The country's pension payment is expected to double in the next fiscal year (FY), the latest budget documents show.
The payout is estimated to be over Tk 260 billion, twice the size of the 2018 fiscal year's.
Officials familiar with the situation told the FE the civil servants of 1984 and 1985 batches will go into retirement in the FY 2018-2019.
This will increase the payments, they said.
The officials also said the pension system has now been centralised leading to the rise in amount of payments.
Pension payments have been increasing in recent years following a change in retirement-benefit calculation, making the public exchequer bear higher contingent liability.
The retirement benefits were given to the retired employees in line with the national pay scale of 2015.
Economists said that a "funded pension" system could be beneficial to both the government and its employees.
Currently, Bangladesh follows "pay as you go financing" method instead of the "funded pension" system.
People familiar with the matter told the FE that the rise in the number of ageing people and pensioners will only inflate the fiscal burden of the government.
The economists noted that the risk related to future financing would be largely minimised if the existing method of pension could be converted into a fully-funded one.
The government payments for pension in the fiscal year 2016 reached Tk 102.84 billion.
But it was only Tk 71.29 billion a year ago.
Senior officials at the Controller General of Accounts told the FE that expenditures on account of pension payments shot up following some changes made in the employees' benefits.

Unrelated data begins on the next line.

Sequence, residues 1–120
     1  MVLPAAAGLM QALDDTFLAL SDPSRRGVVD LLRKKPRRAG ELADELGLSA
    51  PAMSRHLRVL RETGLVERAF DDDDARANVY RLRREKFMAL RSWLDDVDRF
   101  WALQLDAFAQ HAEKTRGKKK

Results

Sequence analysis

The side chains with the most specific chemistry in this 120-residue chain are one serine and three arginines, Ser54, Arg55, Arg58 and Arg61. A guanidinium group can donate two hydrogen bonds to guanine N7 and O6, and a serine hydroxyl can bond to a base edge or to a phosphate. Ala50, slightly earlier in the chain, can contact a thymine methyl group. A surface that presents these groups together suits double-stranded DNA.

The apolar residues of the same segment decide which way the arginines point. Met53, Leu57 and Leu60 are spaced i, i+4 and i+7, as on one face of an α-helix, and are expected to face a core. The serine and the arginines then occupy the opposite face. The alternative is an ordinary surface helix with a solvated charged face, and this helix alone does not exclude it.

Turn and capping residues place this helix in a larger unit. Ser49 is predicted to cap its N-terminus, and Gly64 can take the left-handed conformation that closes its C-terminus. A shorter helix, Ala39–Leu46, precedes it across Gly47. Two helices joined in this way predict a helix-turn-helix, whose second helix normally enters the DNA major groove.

Dr Zahid Hussain, lead economist at the World Bank in Dhaka, said this is a contingent liability that the government cannot avoid.
"This is non-discretionary revenue expenditure. And the government is committed here to paying [to the pensioners]," Dr Hussain told the FE.
He, however, questioned: "Will the government be able to spend the amount?"
Since the estimate is not based on the actuarial valuations, the economists have valid grounds to be sceptical about the government's ability to spend such a large amount of allocation.
Only actuaries could predict the pension liabilities as they calculate it on some actuarial assumptions.
They also use proper method of calculating the liabilities according to the international accounting standards.
"I've doubt over the estimation. The government allocated a substantial amount in the outgoing fiscal year, but at the end of the year, they are likely to spend much lower than the earlier estimation."
Dr Hussain said if there were funded system of pension payments, the future earnings and benefits could be estimated.
Many governments, including the United States, use trust funds for their pension programmes.
The calculation of such funds enables the policymakers to know whether their pension system has long-term unfunded liabilities.
With pension payments are rising and Bangladeshis living longer, there should be a system of pension from where the employees would be eligible to draw money after reaching a certain age, even before retirement.
However, the government relaxed the eligibility criterion to 05 years to 25 years.
Earlier, it was 10 to 25 years of services in government jobs.
Pension is granted to a government servant on his/her retirement from the public service on the basis of length of qualifying service rendered and the amount of emoluments last drawn.
The rate of pension has now been extended to 90 per cent from the previous 80 per cent, according to CAG's latest documents.